and client states. The campaign initially went well but the vast
distances of the Russian Steppe and the cold winter forced his army
into a shambling retreat preyed on by Russian raids and pursuit. The
After Napoleon's abdication and return, halted by an Anglo-Dutch and Prussian alliance at Waterloo, the French army was placed back under the restored Bourbon Monarchy. The structure remained largely unchanged and many officers of the Empire retained their positions.
THE LONG 19TH CENTURY AND THE SECOND EMPIRE
The Bourbon restoration was a time of political instability with the country constantly on the verge of political violence.
The army was committed to a defense of the Spanish monarchy in 1824, achieving its aims in six months, but did not fully withdraw until 1828, in contrast to the earlier Napoleonic invasion this expedition was rapid and successful.
Taking advantage of the weakness of the bey of Algiers
The news of the fall of Algiers had barely reached Paris in 1830 when the Bourbon Monarchy was overthrown and replaced by the constitutional Orleans Monarchy, the mobs proved too much for the troops of the Maison du Roi and the main body of the French Army, sympathetic to the crowds, did not become heavily involved.
In 1848 a wave of revolutions swept Europe and brought an end to the Bourbon monarcy. The army was large uninvolved in the street fighting in Paris which overthew the King but later in the year troops were used in the suppression of the more radical elements of the new Republic which led to the election of Napoleon's nephew as president.
The Pope had been forced out of Rome as part of the Revolutions of 1848, and Louis Napoleon sent a 14,000 man expeditionary force of troops to the Papal State under General Nicolas Charles Victor Oudinot to restore him. In late April 1849, it was defeated and pushed back from Rome by Giuseppi Garibaldi's volunteer corps, but then recovered and recaptured Rome.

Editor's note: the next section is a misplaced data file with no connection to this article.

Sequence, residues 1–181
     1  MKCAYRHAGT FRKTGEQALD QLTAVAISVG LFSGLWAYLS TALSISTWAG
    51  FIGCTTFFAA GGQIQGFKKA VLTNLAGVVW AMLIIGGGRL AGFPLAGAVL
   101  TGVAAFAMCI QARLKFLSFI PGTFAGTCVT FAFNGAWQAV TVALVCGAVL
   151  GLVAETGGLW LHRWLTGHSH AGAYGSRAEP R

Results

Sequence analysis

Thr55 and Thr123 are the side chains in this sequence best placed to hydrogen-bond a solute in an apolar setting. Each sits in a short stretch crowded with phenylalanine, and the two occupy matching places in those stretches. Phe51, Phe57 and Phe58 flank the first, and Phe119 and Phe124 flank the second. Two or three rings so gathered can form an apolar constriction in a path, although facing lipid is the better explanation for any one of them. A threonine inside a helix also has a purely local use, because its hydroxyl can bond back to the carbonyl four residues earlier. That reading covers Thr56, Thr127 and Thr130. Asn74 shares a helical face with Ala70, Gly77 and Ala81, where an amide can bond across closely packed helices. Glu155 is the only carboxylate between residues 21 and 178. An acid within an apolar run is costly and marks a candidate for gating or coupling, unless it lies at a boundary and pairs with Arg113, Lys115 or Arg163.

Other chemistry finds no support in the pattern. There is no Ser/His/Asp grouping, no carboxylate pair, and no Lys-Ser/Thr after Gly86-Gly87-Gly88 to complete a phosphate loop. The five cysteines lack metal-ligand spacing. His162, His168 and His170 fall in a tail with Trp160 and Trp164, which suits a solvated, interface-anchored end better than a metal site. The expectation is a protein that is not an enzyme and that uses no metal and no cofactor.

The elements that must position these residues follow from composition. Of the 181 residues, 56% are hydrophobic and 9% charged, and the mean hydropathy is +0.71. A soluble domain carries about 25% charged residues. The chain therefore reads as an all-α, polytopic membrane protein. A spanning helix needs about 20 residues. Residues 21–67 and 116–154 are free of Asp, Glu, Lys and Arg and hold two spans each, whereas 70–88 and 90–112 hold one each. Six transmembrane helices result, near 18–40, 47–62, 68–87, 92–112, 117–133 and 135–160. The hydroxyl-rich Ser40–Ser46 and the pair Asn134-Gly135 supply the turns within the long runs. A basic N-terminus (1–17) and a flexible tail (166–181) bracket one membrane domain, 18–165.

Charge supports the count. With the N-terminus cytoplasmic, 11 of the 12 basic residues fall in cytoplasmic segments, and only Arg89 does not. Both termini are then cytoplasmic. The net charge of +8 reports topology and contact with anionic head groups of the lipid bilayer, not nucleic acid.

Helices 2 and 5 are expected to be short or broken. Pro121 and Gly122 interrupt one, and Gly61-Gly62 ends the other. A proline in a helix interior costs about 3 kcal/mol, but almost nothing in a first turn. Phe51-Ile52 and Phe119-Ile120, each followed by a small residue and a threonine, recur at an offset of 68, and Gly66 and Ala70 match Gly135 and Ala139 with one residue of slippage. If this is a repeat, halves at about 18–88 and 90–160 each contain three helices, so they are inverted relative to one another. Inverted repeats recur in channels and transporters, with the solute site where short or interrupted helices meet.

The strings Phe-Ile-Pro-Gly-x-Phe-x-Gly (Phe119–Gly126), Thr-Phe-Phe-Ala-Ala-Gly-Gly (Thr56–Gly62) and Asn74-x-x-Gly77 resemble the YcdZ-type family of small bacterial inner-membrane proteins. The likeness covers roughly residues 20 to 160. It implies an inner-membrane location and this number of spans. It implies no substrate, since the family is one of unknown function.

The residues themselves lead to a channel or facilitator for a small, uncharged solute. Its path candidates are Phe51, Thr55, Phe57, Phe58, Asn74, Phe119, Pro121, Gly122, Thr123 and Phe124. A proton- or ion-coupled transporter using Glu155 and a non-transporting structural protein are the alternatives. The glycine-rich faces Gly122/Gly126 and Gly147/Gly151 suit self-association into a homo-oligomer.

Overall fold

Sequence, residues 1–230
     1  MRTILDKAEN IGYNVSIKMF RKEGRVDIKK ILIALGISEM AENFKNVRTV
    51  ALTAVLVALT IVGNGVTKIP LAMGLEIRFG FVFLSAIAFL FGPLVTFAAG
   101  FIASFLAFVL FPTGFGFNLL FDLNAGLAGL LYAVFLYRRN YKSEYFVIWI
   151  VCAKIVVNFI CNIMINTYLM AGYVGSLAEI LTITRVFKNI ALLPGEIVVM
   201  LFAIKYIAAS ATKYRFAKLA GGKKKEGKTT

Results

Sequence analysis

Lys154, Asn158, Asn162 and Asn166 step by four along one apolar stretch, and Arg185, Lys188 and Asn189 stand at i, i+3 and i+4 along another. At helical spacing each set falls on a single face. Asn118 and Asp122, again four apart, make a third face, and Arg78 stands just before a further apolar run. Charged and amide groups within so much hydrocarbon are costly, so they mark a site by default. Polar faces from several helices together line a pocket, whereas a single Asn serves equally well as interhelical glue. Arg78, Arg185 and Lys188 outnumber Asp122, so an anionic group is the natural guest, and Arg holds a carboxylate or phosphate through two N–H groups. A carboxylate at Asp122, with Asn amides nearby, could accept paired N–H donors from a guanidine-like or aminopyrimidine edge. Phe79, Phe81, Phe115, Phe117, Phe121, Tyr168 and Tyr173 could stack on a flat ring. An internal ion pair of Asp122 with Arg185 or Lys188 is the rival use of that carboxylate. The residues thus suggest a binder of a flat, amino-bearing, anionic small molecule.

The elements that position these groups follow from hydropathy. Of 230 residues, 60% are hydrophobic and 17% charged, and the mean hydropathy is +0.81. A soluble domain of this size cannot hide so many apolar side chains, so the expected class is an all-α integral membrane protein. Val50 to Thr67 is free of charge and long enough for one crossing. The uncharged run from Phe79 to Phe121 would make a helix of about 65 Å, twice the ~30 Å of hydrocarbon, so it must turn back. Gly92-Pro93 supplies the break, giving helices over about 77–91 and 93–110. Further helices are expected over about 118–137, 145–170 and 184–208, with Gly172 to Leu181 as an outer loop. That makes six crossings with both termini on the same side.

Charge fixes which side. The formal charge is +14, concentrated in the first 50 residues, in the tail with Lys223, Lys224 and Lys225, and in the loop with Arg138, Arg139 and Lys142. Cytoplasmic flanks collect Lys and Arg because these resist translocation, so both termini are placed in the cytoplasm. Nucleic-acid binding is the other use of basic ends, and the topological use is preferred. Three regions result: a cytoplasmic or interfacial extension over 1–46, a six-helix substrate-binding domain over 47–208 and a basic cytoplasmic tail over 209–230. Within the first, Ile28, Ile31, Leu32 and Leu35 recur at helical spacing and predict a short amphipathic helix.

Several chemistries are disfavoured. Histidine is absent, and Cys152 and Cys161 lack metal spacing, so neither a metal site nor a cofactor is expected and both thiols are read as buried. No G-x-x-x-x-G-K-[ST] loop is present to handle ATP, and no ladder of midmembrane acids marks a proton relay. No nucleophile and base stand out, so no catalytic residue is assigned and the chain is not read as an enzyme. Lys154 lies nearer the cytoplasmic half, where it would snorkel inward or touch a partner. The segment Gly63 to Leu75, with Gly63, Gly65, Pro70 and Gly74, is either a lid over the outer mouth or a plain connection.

The French army was among the first in the world to be issued with
Minié rifles , just in time for the
A series of colonial expeditions followed and in 1856
The French army was now considered to be an example to others and military missions to Japan and the emulation of French Zouaves in other militaries added to this prestige. However an expedition to Mexico failed to create a stable puppet.
EARLY 20TH CENTURY
In August 1914, the
French Armed Forces numbered 1,300,000 soldiers.
During the Great War the
French Armed Forces reached a size of
8,300,000 soldiers, of which about 300,000 came from the colonies.
During the war around 1,397,000 French soldiers were killed in action,
mostly on the Western Front . It was the most deadly conflict in
French history. The main generals were:
Joseph Joffre , Ferdinand Foch
Charles Mangin ,
At the beginning of the war, the French
At the beginning of
World War II
After 1945, despite enormous efforts in the
First Indochina War of
1945–54 and the
Soldiers of the 4th zouaves regiment during the
At the end of
World War II
COLD WAR ERA
Cold War , the French Army, though not part of NATO's
military command structure, planned for the defence of Western Europe.
In 1977 the French
In the 1970s–1980s, two light armoured divisions were planned to be
formed from school staffs (the 12th and 14th). The 12th Light Armoured
Division (12 DLB) was to have its headquarters to be formed on the
basis of the staff of the Armoured and Cavalry Branch Training School
(French acronym EAABC) at
In the late 1970s an attempt was made to form 14 reserve light infantry divisions, but this plan, which included the recreation of the 109th Infantry Division, was too ambitious. The planned divisions included the 102nd , 104e, 107e, 108e, 109e, 110e, 111e, 112e, 114e, 115th, and 127th Infantry Divisions. From June 1984, the French Army reserve consisted of 22 military divisions, administering all reserve units in a certain area, seven brigades de zone de defence, 22 regiments interarmees divisionnaires, and the 152nd Infantry Division, defending the ICBM launch sites. The plan was put into action from 1985, and brigades de zone, such as the 107th Brigade de Zone, were created. But with the putting-in-place of the "Réserves 2000" plan, the brigades de zone were finally disbanded by mid-1993.